12 Prior Research: Complications and Outcome 4 Most researchers have concluded that older patients have higher mortality and increased medical complication rates. 4 The majority of research showed no relationship between age and functional independence.

13 Prior Research: Outcome and Disposition 4 When controlling for degree of incompleteness, researchers have concluded that older adults have worse functional outcomes than younger adults. Almost all of this work has been done looking at individuals with tetraplegia. 4 Studies examining discharge disposition suggest that older patients are between 3 and 23 times more likely than younger patients to be discharged to a nursing home.

14 Objectives 4 To understand the age-related differences between individuals with paraplegia and tetraplegia. 4 To describe the differences in length of stay and charges for rehabilitation and acute medical care among different age groups. 4 To describe functional levels upon rehabilitation admission and discharge among different age groups.

15 Objectives 4 To describe the relationship between age and changes in functioning, as indicated by ASIA motor index and FIM scores. 4 To compare the specific relationship between age and likelihood of institutionalization.

16 Research Studies 4 2 investigations examining age-related individuals with paraplegia; 1 uncontrolled for level and completeness of injury (all comers) and 1 controlled. [n= 2,169; n=1489] 4 2 investigations examining age-related individuals with tetraplegia; 1 uncontrolled for level and completeness of injury (all comers) and 1 controlled. [n=2,099; n= 375] 4 1 analysis of differences between controlled tetraplegics and paraplegics.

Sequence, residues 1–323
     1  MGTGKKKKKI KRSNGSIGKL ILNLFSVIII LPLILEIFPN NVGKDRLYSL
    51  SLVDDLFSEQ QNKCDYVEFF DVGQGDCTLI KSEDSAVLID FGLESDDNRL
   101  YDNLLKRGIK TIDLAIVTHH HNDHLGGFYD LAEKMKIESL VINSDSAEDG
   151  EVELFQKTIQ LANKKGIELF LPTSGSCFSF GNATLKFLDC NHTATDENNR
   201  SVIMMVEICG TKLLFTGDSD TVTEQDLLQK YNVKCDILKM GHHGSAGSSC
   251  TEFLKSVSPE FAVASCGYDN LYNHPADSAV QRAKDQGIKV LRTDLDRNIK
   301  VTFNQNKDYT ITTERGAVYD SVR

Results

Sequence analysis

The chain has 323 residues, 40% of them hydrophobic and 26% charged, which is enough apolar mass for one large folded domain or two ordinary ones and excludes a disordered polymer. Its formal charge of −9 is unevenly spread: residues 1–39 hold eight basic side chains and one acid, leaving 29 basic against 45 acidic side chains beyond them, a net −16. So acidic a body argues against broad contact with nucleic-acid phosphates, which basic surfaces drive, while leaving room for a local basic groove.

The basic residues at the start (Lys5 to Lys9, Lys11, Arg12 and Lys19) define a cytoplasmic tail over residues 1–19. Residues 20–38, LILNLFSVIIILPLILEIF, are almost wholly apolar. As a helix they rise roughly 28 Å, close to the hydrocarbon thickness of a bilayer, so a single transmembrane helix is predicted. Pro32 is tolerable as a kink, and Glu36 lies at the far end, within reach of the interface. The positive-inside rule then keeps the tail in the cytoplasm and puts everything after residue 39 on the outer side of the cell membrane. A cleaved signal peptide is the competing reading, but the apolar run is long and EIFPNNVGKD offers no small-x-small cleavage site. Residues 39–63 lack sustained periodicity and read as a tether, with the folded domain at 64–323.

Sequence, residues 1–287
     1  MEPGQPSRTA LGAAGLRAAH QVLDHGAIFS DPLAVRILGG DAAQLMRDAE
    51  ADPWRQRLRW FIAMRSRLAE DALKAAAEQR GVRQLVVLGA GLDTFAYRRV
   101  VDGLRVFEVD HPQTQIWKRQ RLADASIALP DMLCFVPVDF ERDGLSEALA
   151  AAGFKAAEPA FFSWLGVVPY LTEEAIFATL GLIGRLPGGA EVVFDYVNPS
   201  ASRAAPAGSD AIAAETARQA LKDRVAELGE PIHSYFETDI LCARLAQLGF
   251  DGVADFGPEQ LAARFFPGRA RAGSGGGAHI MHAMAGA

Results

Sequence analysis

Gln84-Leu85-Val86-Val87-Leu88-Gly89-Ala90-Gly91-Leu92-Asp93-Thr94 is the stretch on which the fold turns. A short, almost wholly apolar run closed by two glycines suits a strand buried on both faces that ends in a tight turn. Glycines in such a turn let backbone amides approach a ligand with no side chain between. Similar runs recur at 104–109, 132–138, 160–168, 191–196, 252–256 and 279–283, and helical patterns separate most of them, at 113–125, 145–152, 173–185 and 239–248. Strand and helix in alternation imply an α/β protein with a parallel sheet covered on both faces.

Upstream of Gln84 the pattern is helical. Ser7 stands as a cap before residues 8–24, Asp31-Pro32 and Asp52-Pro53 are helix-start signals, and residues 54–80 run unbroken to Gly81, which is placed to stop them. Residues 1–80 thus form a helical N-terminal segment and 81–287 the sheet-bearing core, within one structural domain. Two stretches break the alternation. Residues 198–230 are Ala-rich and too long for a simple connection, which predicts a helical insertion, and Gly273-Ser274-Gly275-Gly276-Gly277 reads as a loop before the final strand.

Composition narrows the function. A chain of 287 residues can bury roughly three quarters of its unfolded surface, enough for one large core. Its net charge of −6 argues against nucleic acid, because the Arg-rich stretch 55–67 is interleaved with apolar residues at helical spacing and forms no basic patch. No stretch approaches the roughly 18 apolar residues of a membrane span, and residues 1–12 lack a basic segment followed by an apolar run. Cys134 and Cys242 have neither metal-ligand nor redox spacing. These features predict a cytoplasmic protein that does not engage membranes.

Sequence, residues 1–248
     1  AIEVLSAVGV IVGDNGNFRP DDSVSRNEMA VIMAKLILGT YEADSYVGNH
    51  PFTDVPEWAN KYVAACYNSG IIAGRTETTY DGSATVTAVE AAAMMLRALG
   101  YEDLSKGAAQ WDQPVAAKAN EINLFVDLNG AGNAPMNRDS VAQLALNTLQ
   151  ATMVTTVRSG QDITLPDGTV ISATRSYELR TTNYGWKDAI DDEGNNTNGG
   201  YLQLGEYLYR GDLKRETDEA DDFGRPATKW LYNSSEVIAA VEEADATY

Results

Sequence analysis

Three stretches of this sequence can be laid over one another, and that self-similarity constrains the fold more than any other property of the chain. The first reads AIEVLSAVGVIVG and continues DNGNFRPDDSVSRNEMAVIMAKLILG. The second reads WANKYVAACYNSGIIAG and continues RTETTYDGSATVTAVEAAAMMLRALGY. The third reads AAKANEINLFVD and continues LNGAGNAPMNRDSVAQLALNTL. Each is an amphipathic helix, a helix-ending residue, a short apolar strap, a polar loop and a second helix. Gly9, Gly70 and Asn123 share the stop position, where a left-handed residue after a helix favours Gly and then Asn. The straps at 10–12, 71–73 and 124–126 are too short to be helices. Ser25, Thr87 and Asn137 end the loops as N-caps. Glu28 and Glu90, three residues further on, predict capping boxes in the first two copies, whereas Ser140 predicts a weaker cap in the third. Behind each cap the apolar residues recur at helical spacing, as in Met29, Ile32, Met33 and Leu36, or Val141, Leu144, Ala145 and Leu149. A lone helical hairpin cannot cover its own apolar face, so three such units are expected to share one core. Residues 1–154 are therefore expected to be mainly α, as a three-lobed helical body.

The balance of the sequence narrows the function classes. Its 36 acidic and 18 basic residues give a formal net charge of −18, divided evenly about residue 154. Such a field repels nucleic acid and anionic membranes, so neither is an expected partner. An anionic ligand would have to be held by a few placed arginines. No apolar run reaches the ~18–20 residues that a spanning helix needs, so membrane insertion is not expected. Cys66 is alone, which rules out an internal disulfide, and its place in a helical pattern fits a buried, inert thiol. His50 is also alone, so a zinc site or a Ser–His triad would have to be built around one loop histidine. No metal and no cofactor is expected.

17 Research Studies 4 1 investigation analyzing the impact of age and other variables on “length of stay outliers” (>2 SD). [n= 17,132] 4 1 investigation analyzing the impact of age and other variables on “charge outliers” (>2 SD). [n= 13,392] 4 1 analysis of overall impact of age on outcomes after SCI

18 Study Design: Unmatched and Matched 4 Initially utilized 11, 5-year age increments (18 to 70+), then determined significant “break points” where differences noted = 18-39, 40-59, Controlling for level involved 1:1 matching by neurologic level of injury and ASIA completeness. 4 Demographic (gender, race, education, marital status, funding source), and clinical (etiology, level, completeness) data utilized as independent variables in analyses.

19 Study Outcome Measures 4 Dependent Variables –Length of stay (LOS) of acute and rehab stay –Charges of acute & rehab care –American Spinal Injury Association motor index (AMI) scores: admit acute, admit rehab, d/c, change, efficiency –Functional Independence Measure (FIM) scores: admit, d/c, change, efficiency –Disposition at discharge

20 Summary Paraplegia MeasuresUnmatchedMatched Gender> Female in OlderSame Race> White in OlderSame EmploymentYounger unemployed Middle employed Same Older Retired Funding SourceMedicare funding EducationGreater in OlderSame Marital StatusHigher in OlderSame EtiologyMore Falls and Less Violence in Older Same

21 Summary Paraplegia No DifferencesInstitutionalization Greater in Older Disposition Lower in Older FIM Efficiency Lower in Older FIM Change Lower in Older D/C FIM No DifferencesLower in OlderAdmit FIM No DifferencesGreater in Older on Admit only Acute Adm AMI, Change/Efficiency No DifferencesGreater in OlderRehab Charges Lower in YoungerGreater in OlderRehab/Total LOS MatchedUnmatchedMeasures